v  Purpose of book;
v  Themes;
v  Style;
v  Key Words;
v  Geography;
v  Overview/Outline;
B)    Chapter Analysis:
v  Passage Description
v  Observations
v  Q & A
v  Cross Reference
v  Notes and Comments
v  Title
v  Theme
v  Conclusion
v  Applications
C)    Book Summary:
v  Book Title
v  Final Outline
v  Main Theme
v  Main Conclusions
v  Final Applications

7.      Topical BS: Choose a topic (e.g. stewardship, fruits…); scripture passage studied; summary or outline; key verse/favourite verses; illustrations; problems; applications

8.      Bible Character: Choose a character; scriptures used; biographical sketch; key verse; leading lesson – lesson from his life; problems; applications.

9.      Doctrine study: what is the doctrine about, what are the supporting verses for it, what are the debates on it, how can I apply this doctrine in life. A Systematic Theology Book will be helpful for this BS.

10.  God’s character: study the various aspects of God's character.



Monday, 7 March 2011

How to Study the Bible?

There are many ways to study the Bible and this blog does not attempt to suggest the best way to go about doing it. A simple search on google will reveal many answers coming from Navigators, Christianity Today and even from eHow and About.com.

The Bible can also be studied at many levels. From the beginner's level to the seminary level of doing a complete book survey complete with word study in its original language.

I would like to suggest a simple beginner level for a start and then in the later blogs show other ways and more advanced approaches to the Bible.

Most Bible Study practitioners would start with a simple question, i.e. which book of the Bible do you want to start off? For beginners, it would be good to start with an epistle from the New Testament. Something short like the book of James or Titus.

You would need a Bible and a note book to record down your thoughts. For the Bible, if you can afford it, a study Bible would be good as its gives you more background material on the book. Choose a simple to read translation like ESV or NIV, though many would insist on NASV for accuracy.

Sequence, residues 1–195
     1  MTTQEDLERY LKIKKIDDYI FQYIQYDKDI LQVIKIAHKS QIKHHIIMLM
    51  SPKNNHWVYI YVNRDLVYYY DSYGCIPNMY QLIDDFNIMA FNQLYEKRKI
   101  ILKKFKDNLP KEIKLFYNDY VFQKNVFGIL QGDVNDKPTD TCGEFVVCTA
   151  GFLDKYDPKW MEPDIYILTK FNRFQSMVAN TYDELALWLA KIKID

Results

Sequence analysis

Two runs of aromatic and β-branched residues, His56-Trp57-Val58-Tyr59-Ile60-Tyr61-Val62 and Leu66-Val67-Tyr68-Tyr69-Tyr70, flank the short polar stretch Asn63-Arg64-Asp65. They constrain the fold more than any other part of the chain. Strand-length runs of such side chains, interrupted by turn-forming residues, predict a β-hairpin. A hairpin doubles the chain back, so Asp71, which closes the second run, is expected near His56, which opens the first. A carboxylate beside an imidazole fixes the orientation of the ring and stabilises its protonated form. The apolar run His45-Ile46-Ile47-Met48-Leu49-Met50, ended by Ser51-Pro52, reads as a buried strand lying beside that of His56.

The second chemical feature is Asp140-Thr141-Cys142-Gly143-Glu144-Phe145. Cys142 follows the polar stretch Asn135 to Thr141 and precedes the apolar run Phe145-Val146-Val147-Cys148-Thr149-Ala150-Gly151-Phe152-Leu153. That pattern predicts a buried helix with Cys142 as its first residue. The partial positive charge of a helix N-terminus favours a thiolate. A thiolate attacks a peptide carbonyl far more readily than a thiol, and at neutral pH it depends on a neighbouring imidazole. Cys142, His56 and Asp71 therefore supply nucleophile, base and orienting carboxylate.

Before doing the study, ask God in prayer for wisdom to see truths in the text and courage to apply them in your daily life. It is the Holy Spirit who illumines the Word to us and gives us understanding, not our intellect.

A simple framework approach to Bible Study is to use the acronymn OIA. O for Observation, which is, "what do I observe from the text?" I for Interpretation. What is the text saying? A for Application, what can I applied into my daily life from what I have learnt today. This OIA approach is taken from Howard Hendricks Living by the Book. (click link to read book at Google Books)

After your study, share it with others. As you share, you are learning it twice.

When was the last time we studied a passage in the Bible?

In this busy age, most of us hardly have time for ourselves, not to mention devotion times or prayer. Once a week, we may force ourselves to attend a small group (or CG) and we would have given ourselves a pat on the back and said, "Well done, good and faithful servant!"

Studying the Word is an important necessity in modern living. One of the reasons so many of us are weak and have little spiritual foundation is that our basics are weak. We have little spiritual depth in the Word. What better way to increase our spiritual depth than to study the Word directly for ourselves? Not just to read about someone else' study or thoughts, but to spend time and dig into the Word for ourselves and encounter God firsthand.

How do we study the Word?

There are many good tools in the market and in the Internet. This blog will attempt to surface out the good ones to share. Beyond the tools, what is needed is the heart. We must first desire to study the Word, the medium where God chose to reveal Himself to us. This desire will then inspire us to invest our limited time in His Word, rather than tv or Internet surfing.

May you start this year afresh studying His Word. Make a plan. Choose one simple book of the Bible to start with. Identify one Bible study format that can guide you and follow through it for this year.

God bless.